When you start franchising, your entire business, packaged into a carefully-crafted franchise system becomes your single product. In-depth market research seeks to unearth several aspects, without which your franchise rollout would hit headwinds.
Eighth is competition. A thorough understanding of competition helps in positioning your franchise to take advantage of market opportunities better than competition. Research should establish who the competition is, what they are doing currently and what could be done differently in order to capture and keep majority market share. New developments are continuously fed to the franchisor by franchisees.
Ninth is the operating costs of the franchise outlets. Some locations have higher operation costs than others. Establishing these before franchising ensures your franchisees fall within your expectations and enables you to figure out means to minimize the costs, advise which is most welcome by franchisees. Tenth is the financing costs of the franchise. How much will it cost the franchisee to set up and operate the franchise in the locality? Is equipment and other materials of the approved standard needed to set up available in the locality and at what cost? What about labor?
Eleventh is initial franchise fee payable per identified territory. The fees paid by potential franchisees to join your franchise system is determined not just by the value of your brand, but also by results of a carefully executed market research. Sometimes it is easy to fix a uniform joining fee. This disregards the dynamics in play in each franchise territory. Research findings might necessitate different rates for different territories. Before deciding on a formula for setting the initial fees, in-depth market research enables a potential franchisor to make an informed decision.
Twelfth is the monthly royalties payable by franchisees. Just like in determining the joining fees, market research reveals the appropriate monthly royalties payable per franchise territory/size of outlet. Where demand is high, turnover is expected to be high, meaning that even if the franchisor imposed a lower loyalty than in territories with lower demand, they would still make money driven by the higher volumes.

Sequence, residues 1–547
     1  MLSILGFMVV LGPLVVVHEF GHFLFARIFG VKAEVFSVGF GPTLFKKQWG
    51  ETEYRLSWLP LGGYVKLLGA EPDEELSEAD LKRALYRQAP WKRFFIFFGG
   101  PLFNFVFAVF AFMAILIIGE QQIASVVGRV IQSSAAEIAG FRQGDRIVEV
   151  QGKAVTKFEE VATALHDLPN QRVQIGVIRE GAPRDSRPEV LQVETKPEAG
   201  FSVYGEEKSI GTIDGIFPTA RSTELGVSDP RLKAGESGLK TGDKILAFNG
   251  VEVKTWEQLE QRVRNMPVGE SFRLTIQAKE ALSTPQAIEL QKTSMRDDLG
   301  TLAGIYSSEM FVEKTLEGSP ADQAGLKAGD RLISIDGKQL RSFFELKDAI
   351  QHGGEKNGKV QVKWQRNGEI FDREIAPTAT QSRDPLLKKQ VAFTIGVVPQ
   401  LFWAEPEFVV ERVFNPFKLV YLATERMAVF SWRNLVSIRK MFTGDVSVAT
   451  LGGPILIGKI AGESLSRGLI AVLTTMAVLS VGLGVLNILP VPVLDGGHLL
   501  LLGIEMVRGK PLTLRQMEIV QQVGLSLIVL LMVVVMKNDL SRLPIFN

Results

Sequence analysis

Thirteenth is the monthly marketing and support fee payable by franchisees. Franchisees operating in smaller territories expect to pay lower marketing and support fees than those in larger territories.
Finally, the profit potential for each of the proposed territories is established by running financial models for each. Placing costs against revenue projections determines projected financial scenarios, then an optimum position is established and pursued. Carrying out a sensitivity analysis on your projections ensures you can see through the corners and that nothing comes as a surprise in future.
Some international franchisors entering East Africa do so without carrying out detailed market research. It is foolhardy to assume the market will automatically accept your brand. When you know the inner happenings of your potential market, it is easier in future to fix problems when they arise than if you plunged into a market to franchise without understanding it in detail. Some international brands have folded up in East Africa due to this.
Ongoing market intelligence should form part of the franchisor’s DNA during the entire life of the franchise brand. Using the franchisee network and the Field Consultant, brand owners keep abreast with market developments and take appropriate measure to keep ahead of competition.
The writer is a Franchise Consultant helping indigenous East African brands to franchise, multinational franchise brands to settle in East Africa and governments to create a franchise-friendly business environment.
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